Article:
] And the wars against Antiochus Epiphanes, and Eupator his
] And the manifest signs that came from heaven unto those that
behaved themselves manfully to their honour for Judaism: so that, being but a
few, they overcame the whole country, and chased barbarous
] And recovered again the temple renowned all the world
over, and freed the city, and upheld the laws which were going down, the Lord
being gracious unto them with all favour:
] All these things, I
say, being declared by Jason of Cyrene in five books, we will assay to abridge
in one volume.
] For considering the infinite number, and the
difficulty which they find that desire to look into the narrations of the story,
for the variety of the matter,
] We have been careful, that they
that will read may have delight, and that they that are desirous to commit to
memory might have ease, and that all into whose hands it comes might have
] Therefore to us, that have taken upon us this painful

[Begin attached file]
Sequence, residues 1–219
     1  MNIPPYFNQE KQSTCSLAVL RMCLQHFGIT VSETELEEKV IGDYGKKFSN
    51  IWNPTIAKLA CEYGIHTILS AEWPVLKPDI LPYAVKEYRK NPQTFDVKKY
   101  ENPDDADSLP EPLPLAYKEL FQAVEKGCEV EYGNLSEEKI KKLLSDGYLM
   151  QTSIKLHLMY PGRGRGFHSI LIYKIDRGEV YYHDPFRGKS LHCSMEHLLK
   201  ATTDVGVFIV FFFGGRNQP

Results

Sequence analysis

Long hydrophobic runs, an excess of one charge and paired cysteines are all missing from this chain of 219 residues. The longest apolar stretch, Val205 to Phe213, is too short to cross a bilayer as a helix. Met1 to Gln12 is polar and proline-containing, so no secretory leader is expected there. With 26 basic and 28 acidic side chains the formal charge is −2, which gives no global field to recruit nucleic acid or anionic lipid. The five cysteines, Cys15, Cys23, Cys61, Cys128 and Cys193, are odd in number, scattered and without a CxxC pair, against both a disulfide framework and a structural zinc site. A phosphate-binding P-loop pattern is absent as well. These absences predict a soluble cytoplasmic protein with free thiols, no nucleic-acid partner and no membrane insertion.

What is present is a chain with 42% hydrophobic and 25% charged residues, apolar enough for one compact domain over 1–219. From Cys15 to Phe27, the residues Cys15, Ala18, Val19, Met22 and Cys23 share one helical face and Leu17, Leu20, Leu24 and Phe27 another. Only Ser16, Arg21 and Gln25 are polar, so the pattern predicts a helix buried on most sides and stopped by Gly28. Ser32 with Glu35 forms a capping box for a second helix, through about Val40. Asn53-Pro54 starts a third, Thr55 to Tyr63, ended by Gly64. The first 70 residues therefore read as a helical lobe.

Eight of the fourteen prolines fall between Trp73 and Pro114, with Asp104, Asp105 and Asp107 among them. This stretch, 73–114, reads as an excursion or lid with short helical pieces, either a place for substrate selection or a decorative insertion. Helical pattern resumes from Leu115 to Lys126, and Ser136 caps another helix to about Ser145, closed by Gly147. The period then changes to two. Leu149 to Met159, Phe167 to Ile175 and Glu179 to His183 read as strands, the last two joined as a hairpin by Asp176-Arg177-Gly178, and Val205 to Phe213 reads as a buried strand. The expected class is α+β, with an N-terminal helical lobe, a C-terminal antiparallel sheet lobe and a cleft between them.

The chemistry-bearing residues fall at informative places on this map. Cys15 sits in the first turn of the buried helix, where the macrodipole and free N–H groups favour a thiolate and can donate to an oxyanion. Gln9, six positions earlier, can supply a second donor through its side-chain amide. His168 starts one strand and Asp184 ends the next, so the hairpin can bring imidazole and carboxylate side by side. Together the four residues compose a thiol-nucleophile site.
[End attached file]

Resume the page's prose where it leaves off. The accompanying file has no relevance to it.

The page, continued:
labour of abridging, it was not easy, but a matter of sweat and
] Even as it is no ease unto him that prepareth a
banquet, and seeketh the benefit of others: yet for the pleasuring of many we
will undertake gladly this great pains;
] Leaving to the author the
exact handling of every particular, and labouring to follow the rules of an
] For as the master builder of a new house must care
for the whole building; but he that undertaketh to set it out, and paint it,
must seek out fit things for the adorning thereof: even so I think it is with
] To stand upon every point, and go over things at large, and
to be curious in particulars, belongeth to the first author of the
] But to use brevity, and avoid much labouring of the work,
is to be granted to him that will make an abridgment.
] Here then
will we begin the story: only adding thus much to that which hath been said,
that it is a foolish thing to make a long prologue, and to be short in the story
] Now when the holy city was inhabited with all peace,
and the laws were kept very well, because of the godliness of Onias the high
priest, and his hatred of wickedness,
] It came to pass that even
the kings themselves did honour the place, and magnify the temple with their
] Insomuch that Seleucus of Asia of his own revenues
bare all the costs belonging to the service of the sacrifices.
one Simon of the tribe of Benjamin, who was made governor of the temple, fell
out with the high priest about disorder in the city.
] And when he
could not overcome Onias, he gat him to Apollonius the son of Thraseas, who then